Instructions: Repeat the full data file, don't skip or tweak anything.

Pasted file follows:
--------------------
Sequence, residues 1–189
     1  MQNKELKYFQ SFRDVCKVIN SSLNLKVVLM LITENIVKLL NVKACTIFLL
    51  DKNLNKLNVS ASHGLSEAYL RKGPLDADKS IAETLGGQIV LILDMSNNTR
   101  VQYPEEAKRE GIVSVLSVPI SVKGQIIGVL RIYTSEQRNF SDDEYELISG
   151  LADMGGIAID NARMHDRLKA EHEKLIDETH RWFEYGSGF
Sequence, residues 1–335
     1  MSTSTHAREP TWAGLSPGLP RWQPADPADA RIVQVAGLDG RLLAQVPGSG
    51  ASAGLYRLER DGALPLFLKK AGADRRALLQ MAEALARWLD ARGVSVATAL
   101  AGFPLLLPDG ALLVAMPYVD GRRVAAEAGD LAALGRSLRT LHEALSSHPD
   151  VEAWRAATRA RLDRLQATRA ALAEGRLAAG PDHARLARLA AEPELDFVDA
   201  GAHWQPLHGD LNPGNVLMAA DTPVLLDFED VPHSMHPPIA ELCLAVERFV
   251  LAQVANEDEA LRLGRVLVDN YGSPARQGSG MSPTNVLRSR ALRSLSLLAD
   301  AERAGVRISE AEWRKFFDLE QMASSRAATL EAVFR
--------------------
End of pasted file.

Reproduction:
Sequence, residues 1–189
     1  MQNKELKYFQ SFRDVCKVIN SSLNLKVVLM LITENIVKLL NVKACTIFLL
    51  DKNLNKLNVS ASHGLSEAYL RKGPLDADKS IAETLGGQIV LILDMSNNTR
   101  VQYPEEAKRE GIVSVLSVPI SVKGQIIGVL RIYTSEQRNF SDDEYELISG
   151  LADMGGIAID NARMHDRLKA EHEKLIDETH RWFEYGSGF
Sequence, residues 1–335
     1  MSTSTHAREP TWAGLSPGLP RWQPADPADA RIVQVAGLDG RLLAQVPGSG
    51  ASAGLYRLER DGALPLFLKK AGADRRALLQ MAEALARWLD ARGVSVATAL
   101  AGFPLLLPDG ALLVAMPYVD GRRVAAEAGD LAALGRSLRT LHEALSSHPD
   151  VEAWRAATRA RLDRLQATRA ALAEGRLAAG PDHARLARLA AEPELDFVDA
   201  GAHWQPLHGD LNPGNVLMAA DTPVLLDFED VPHSMHPPIA ELCLAVERFV
   251  LAQVANEDEA LRLGRVLVDN YGSPARQGSG MSPTNVLRSR ALRSLSLLAD
   301  AERAGVRISE AEWRKFFDLE QMASSRAATL EAVFR